On-camera directional shotgun mic
If you're shooting with a DSLR with a mic input and hot shoe mount, this is a good option to reduce wind noise. You'll still want to find a quiet corner and preview a sample clip before you start interviewing someone. This will replace the audio that your camera is receiving, so make sure it's turned on.
Additional Wireless Mic Option
An easy to use mic option that gives you flexibility to pick up good sound quality away from the camera mic.
Portable handheld recorder
This records audio separately from your camera onto its own memory card. You'll need to manually line it up with the footage, so it's best to have someone clap while on camera. This will allow you see a spike on the waveform from the recorder and your camera and line them up so the audio isn't out of sync. You'll need to manually set the audio levels based on the proximity of the mic to the person, and if you're fighting wind, wear headphones to listen for wind gusts and prompt your interviewee to repeat what they said. Todd Gleason has the interviewee hold this against their chest (once he's determined the right audio level) to block wind and get a steady recording, so his hands are free to film.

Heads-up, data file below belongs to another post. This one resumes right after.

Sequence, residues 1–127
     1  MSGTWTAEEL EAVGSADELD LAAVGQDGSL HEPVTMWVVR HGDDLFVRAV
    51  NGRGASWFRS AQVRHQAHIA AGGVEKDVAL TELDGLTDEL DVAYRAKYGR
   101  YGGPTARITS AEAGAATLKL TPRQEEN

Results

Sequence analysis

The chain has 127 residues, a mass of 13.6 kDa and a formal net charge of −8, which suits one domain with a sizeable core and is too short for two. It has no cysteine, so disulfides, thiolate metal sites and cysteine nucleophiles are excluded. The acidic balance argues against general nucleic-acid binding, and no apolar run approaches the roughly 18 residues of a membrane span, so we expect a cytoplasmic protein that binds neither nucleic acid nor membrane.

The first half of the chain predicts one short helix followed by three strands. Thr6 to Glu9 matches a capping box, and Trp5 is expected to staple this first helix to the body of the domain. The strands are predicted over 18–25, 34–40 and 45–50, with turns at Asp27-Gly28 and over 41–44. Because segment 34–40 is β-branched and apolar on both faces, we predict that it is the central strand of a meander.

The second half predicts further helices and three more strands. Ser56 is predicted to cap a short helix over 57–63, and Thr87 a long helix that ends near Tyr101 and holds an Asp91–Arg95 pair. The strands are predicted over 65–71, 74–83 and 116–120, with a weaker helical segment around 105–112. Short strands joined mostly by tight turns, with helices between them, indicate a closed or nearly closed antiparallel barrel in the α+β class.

The recorder can also be combined with a lavalier mic. If you're feeling ambitious or don't have a crew to help you, you can film while wearing the recorder around your neck with a lanyard strap, while the receiver is clipped to your pocket, while wearing headphones to film and monitor the audio all at the same time. This takes practice.
Shock-resistant structural design can effectively reduce vibration noise. Which can primely prevent the noise of the jitter during video shooting and provides your video with more excellent voice and can effectively reduce the noise of the surrounding environment to be picked up.